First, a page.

Just like you, but different
Superlatives, Super Bands, Super Numbers, Super groovers
A myriad of juicy citrus hop aromas and flavors envelope your mouth.
Every time we brewed an Imperial IPA you asked for more. So we put our brewing skulls together and formulated the ultimate mecha Imperial IPA. We present to your olfactory zones Ginormous Imperial IPA. Available year-round.
Developed in a secret testing facility deep in S.E. Portland, Ginormous is powered by seven mighty hops.
His mission is simple; to deliver a massive hop punch to those in need.
Definitely not a bitter IIPA, just enough to balance the sweetness of the alcohol.
What could possibly go wrong with that?
On opening no mistaking a high grass hop aroma there.
Pour is light chestnut brown, and I proved I have poor skills as I got a head like a ice-cream soda, but I could smell the aroma as I poured, it’s divine. A closer sniff gives a bunch of malt sugar sweetness and a more muted grassiness. Like it calmed down a bit. Not the head that will take ages to calm down.
There is a sudden and creeping dryness at the back of this, just thought I’d mention in passing until I’m brave enough to go again.
So, that all calms down a bit second time up, although the malt does hit a peak as the stand out note this time, it’s unusual the way it does that.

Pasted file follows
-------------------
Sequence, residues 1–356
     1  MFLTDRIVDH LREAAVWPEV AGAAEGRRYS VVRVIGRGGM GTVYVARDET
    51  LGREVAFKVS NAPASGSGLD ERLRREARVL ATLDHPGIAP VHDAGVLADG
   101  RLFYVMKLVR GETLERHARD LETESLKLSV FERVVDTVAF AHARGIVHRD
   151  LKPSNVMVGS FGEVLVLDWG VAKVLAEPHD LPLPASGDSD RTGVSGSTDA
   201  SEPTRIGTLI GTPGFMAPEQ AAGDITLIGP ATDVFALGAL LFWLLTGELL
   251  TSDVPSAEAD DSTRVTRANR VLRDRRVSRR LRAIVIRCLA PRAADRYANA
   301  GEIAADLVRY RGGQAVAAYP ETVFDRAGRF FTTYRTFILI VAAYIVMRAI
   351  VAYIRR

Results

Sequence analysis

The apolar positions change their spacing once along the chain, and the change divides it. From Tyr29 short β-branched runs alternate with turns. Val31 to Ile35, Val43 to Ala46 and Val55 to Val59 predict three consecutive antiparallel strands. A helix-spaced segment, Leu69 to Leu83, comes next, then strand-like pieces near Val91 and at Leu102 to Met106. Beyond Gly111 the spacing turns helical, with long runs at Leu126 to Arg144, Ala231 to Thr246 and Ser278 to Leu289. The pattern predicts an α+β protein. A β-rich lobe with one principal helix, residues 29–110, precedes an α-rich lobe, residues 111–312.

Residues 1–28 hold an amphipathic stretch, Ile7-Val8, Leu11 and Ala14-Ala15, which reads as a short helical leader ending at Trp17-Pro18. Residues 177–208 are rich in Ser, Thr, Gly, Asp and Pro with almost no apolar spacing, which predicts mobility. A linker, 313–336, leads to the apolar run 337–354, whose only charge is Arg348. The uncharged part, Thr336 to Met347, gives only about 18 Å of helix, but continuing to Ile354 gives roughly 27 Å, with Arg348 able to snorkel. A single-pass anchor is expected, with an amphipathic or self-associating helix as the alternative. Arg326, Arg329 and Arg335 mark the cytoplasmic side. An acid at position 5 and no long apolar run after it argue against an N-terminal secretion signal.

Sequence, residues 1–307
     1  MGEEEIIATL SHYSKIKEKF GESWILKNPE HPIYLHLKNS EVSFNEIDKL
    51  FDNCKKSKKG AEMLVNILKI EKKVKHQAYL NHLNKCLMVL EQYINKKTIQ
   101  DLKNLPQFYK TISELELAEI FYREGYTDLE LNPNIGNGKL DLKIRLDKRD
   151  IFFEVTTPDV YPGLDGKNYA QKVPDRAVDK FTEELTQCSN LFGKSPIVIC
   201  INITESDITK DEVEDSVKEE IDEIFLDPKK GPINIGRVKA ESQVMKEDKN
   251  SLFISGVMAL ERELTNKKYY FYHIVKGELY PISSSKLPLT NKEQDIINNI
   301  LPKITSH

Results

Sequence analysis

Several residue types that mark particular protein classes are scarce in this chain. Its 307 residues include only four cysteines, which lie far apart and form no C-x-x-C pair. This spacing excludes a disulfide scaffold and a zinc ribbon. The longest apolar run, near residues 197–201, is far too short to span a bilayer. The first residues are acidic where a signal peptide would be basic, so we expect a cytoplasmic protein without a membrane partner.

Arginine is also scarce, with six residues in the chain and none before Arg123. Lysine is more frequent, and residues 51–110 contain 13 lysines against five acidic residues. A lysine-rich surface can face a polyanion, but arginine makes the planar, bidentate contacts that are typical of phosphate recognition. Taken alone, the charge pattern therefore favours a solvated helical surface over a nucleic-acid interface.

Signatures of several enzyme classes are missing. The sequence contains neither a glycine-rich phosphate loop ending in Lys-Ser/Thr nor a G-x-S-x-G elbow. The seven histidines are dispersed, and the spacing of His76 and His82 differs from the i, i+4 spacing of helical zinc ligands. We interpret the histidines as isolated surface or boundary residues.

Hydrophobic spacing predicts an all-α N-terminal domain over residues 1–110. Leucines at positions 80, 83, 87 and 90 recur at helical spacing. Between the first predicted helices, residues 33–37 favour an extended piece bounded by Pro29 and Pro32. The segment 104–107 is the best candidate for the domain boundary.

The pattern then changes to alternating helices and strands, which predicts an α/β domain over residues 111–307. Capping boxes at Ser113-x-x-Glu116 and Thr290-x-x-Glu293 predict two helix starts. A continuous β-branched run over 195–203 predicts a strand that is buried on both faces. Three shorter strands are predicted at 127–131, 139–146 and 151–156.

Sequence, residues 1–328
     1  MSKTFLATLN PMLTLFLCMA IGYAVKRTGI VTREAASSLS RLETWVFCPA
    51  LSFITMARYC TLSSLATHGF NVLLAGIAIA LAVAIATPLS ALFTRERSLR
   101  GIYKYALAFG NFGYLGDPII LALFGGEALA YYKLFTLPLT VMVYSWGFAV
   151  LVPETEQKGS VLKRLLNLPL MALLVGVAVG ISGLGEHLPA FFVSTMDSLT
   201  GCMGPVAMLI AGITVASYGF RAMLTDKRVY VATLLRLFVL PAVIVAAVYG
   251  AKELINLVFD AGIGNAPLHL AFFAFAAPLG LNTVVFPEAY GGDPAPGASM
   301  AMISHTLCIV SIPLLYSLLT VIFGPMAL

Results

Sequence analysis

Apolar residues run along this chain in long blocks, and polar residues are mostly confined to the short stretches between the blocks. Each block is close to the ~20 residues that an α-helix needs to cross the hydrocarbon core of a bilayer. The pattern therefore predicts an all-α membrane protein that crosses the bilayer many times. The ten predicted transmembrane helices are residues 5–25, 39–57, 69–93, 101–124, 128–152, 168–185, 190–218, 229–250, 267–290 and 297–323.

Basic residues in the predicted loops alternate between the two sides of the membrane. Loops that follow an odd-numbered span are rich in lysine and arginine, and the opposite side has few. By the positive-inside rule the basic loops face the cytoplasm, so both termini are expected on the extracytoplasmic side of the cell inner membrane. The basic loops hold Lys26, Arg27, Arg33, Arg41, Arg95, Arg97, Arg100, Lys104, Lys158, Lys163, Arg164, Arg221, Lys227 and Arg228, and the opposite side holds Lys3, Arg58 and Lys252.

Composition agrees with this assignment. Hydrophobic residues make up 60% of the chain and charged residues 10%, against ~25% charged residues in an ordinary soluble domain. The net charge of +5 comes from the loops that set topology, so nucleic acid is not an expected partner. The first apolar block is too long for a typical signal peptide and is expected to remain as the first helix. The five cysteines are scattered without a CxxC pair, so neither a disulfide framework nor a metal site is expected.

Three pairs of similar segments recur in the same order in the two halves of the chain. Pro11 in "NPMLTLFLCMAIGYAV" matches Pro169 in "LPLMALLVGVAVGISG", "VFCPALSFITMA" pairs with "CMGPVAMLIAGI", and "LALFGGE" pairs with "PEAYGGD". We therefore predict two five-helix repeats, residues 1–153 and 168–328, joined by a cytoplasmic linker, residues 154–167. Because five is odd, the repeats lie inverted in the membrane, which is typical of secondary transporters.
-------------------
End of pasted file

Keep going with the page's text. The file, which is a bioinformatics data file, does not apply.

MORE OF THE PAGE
The to nose aroma is great. The bitterness, isn’t all that bitter, it is being constrained. The dryness is just the dryness.
Warms up more and gets more, if I could use it, oaky, to describe the roughness that creeps in in the middle. Almost certainly the wrong way to describe the flatness that you taste. Which would be the malt thing, which seems to be the core of this beer concoction. As I ponder and drink more I get less enthusiastic. That would be change go styles and exceptions. Too much malt man.
The gap between expectation and delivery is of course the disappointment.
Are they bad things? Not at all, it’s interesting to have a beer that starts as one thing, gives you A, then B, then C, and still ends up quite drinkable and enjoyable. Memorable is the missing bit. The gap in the beer.
The pdubyah-o-meter rates this as 8 a of its things from the thing. All in all a bit good, and somewhere to aim at if you wanted to make a good dIPA. I thought though that not quite spectacular and awesome as it could be, as I thought, and it’s just me, that this might be too malty, which kind of dulls it down a bit. Too sweet, by just enough to be enough to make you under if it really was a good idea.
The double dip review
Super Band, who was I kidding, in a pop rock kind of way I ended up listening to “First Aid Kit”, you can here. First Aid Kit is a Swedish folk duo. Klara Söderberg sings and plays guitar. Her older sister Johanna sings backing vocals and plays keyboards.
Imperial IPA, Double IPA or DIPA is a strong, often sweet, intensely hoppy version of the traditional India Pale Ale. Bitterness units range upward of 100 IBUs and alcohol begins at 7.5% but is more commonly in the 8.5-10% range. The flavour profile is intense all-round. Unlike barley wines, the balance is heavily towards the hops, with crystal and other malts providing support.